On Tuesday, November 2, The N.C. House voted along party lines in favor of its new House election district map, while the N.C. Senate approved new congressional maps. The votes come despite many Democrats saying the redistricting committee should “go back to the drawing board.”
Democrats called to redo the maps to include race as a factor in map-making. However, Republican leadership said that the map process was transparent and strictly followed the law. They said decisions in previous litigation prevent race from legally being considered in district boundaries.
The final House vote was 67-49.
“The redistricting process has been the most transparent in the history of our state, and I am confident that the districts that have been drawn are constitutional in every respect,” House Speaker Tim Moore, R-Cleveland, said. “Lawmakers took into account population growth in areas like Raleigh and Charlotte and dwindling population trends in rural counties, which means fewer legislative representation.”
The redistricting chairman, Rep. Destin Hall, R-Caldwell, addressed the chamber defending the process and map-drawing criteria, which did not include prior voting data and took a “race-neutral” approach.
“Every effort was made to keep areas intact. The first criteria was to keep counties whole, like Lee and Chatham,” he said. “We also kept municipalities together as much as possible, bare minimums of double-bunking. We didn’t consider racial or political data in drawing this map. An outside consultant used to be used for the process. We did it this time transparently. Maps were done without a computer algorithm. It is an unprecedented transparency, not using political data on this map.”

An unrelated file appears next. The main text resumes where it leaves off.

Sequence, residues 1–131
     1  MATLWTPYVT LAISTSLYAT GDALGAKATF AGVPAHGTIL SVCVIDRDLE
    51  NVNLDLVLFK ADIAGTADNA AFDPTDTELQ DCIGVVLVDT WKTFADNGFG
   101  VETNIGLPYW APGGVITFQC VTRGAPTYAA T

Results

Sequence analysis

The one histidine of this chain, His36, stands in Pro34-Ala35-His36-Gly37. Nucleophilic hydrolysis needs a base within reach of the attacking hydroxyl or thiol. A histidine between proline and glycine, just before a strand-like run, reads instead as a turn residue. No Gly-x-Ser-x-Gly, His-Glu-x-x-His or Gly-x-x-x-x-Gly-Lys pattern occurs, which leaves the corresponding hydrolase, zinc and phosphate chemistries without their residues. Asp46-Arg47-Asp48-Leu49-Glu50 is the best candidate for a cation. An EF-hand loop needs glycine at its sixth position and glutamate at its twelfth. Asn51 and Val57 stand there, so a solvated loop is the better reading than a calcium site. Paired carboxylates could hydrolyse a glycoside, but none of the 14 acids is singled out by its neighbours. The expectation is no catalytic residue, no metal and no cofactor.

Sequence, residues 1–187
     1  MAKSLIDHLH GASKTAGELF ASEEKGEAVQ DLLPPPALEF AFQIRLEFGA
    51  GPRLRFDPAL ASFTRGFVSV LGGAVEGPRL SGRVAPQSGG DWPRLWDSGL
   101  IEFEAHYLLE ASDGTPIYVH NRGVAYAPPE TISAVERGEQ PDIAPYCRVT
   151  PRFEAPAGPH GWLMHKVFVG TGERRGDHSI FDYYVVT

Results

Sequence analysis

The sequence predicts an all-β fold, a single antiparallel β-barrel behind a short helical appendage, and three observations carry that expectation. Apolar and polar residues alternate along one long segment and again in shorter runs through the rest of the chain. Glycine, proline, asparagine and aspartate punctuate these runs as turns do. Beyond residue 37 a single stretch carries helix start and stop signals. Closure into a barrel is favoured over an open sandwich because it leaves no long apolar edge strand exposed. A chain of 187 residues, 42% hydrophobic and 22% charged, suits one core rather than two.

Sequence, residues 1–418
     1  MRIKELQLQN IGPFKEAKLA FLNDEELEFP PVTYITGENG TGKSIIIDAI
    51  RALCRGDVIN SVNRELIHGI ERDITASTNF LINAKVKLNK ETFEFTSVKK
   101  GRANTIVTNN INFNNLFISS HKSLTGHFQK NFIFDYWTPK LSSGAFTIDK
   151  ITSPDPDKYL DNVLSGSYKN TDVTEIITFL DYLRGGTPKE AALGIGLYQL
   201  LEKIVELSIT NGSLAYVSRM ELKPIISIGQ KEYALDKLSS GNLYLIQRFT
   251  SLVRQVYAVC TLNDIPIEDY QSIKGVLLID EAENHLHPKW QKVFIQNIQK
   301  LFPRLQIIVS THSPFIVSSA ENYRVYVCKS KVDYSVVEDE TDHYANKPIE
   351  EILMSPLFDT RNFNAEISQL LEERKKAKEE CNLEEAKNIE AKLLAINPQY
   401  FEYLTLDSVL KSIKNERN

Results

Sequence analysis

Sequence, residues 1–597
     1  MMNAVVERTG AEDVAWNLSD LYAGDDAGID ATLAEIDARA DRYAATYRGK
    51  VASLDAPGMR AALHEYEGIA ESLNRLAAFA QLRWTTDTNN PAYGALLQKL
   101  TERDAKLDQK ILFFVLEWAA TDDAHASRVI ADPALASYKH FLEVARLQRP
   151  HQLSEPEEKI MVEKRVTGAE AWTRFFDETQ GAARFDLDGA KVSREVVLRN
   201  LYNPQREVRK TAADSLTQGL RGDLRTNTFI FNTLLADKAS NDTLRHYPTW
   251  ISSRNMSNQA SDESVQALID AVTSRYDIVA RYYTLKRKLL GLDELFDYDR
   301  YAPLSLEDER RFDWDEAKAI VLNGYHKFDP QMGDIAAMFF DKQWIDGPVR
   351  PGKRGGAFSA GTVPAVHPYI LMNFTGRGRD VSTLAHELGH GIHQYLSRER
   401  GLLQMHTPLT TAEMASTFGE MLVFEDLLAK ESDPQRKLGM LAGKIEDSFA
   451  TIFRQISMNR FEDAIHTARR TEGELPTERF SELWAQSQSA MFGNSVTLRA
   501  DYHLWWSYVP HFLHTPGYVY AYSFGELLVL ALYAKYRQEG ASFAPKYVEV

Hall called it the most transparent redistricting process ever in the history of the state and said he was disappointed that no House Democrat put forth a map to be considered for the public, unlike their Democrat colleagues in the Senate. Democrat House members introduced a few amendments that failed to pass.
“Race is a factor that you need to consider making districts fairer,” said House Minority Leader Robert Reives, D-Chatham. “History can be used to teach us how to be better. We don’t want to use our history in the wrong way. The most important aspect in bringing people back together is people having faith in their government. I am asking you to vote no to be fair. Let’s keep tweaking this to make it fair.”
Rep. Susan Fisher, D-Buncombe, said the maps are like past “illegal” maps and have “double-bunking” issues.
“People are not stupid,” she said. “They believe politicians have no business drawing political lines. They prefer nonpartisan redistricting. I will vote no. I prefer a truer process.”
The process has not been without its share of controversy. Citing transparency after past objections and lawsuits, the House and Senate redistricting committees had open rooms in which the maps were drawn. The process was also live-streamed on YouTube for weeks, and public hearings were held through October across the state.